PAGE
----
The 13-inch MacBook Pro gives you a stronger screen option, and the extra power and maximum RAM means it give you a lot more headroom – for those working in 2D, it can handle all but the most extreme stuff, but still gives you a highly portable package. And the 16-inch MacBook Pro is a beast, ready for your most hardcore work (including 3D), or to give you the big working space you need.

The important thing is to know that what you buy will give you enough headroom for the next few years – make sure you don’t buy a MacBook Air now just to realise your work is likely to evolve to need a Pro in a year, so factor that in too.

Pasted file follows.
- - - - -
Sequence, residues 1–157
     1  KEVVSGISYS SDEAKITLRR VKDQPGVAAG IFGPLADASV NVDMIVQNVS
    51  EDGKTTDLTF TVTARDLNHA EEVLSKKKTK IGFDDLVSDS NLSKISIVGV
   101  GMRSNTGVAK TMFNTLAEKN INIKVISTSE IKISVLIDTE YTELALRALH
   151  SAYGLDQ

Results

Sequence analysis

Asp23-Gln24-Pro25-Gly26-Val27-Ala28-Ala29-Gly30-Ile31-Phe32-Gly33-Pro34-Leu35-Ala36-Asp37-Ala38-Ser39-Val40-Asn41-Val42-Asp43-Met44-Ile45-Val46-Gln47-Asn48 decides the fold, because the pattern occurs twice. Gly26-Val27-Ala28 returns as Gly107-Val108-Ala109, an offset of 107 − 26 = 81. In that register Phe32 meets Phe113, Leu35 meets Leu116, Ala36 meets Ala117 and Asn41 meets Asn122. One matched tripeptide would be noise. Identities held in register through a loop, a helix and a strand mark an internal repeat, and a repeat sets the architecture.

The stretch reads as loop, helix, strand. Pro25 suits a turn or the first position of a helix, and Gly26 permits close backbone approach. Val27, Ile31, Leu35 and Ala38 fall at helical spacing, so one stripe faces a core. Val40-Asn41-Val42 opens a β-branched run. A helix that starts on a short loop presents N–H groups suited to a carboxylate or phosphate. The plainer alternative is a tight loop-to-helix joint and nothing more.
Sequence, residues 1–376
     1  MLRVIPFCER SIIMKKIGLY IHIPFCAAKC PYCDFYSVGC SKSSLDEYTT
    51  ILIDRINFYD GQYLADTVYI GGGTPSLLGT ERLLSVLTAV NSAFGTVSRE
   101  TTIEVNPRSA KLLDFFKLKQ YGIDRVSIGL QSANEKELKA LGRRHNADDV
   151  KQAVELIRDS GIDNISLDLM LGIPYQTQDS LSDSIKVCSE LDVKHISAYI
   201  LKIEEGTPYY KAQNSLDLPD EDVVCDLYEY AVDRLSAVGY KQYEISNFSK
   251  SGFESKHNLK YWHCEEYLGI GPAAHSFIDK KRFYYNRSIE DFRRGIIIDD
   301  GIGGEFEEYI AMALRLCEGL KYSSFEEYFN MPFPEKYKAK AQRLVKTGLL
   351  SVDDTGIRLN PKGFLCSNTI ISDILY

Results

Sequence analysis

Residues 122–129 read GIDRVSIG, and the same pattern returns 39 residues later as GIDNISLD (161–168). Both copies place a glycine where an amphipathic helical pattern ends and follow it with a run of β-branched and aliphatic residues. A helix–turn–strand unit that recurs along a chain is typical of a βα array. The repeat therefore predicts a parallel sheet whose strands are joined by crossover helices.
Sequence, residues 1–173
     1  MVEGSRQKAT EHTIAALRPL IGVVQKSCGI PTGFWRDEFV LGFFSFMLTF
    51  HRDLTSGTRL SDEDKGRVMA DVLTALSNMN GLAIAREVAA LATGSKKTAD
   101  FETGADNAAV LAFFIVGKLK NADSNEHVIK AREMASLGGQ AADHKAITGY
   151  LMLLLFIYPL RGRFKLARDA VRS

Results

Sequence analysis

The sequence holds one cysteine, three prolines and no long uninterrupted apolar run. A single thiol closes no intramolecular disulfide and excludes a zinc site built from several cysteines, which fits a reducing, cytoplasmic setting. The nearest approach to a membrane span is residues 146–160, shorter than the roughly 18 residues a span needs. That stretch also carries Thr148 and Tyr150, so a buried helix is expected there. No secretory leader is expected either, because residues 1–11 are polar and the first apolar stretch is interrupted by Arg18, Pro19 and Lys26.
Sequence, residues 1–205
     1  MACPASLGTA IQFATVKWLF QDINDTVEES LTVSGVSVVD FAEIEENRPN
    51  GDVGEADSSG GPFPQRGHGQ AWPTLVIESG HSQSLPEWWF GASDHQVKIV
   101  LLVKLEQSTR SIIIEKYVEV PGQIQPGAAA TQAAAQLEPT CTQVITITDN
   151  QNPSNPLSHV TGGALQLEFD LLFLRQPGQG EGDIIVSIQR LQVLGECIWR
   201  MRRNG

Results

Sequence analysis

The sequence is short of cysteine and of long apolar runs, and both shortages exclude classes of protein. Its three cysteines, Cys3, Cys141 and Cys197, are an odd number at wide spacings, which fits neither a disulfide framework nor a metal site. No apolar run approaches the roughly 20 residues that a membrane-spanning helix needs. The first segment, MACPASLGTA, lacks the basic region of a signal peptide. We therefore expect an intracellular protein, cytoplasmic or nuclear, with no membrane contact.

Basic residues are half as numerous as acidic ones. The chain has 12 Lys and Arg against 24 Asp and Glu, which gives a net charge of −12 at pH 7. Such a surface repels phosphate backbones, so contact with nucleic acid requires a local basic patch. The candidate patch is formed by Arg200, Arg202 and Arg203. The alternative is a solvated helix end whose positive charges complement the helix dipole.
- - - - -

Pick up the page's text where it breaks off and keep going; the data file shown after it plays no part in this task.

Matt has been testing technology for over a decade, working in specialist Apple publications as well general technology and creative journalism. By day, you can find him covering TV, audio, smart home gear and more at, as Home Tech Editor. By night, he’s probably updating or pairing or installing some new piece of technology in the quest for the perfect setup.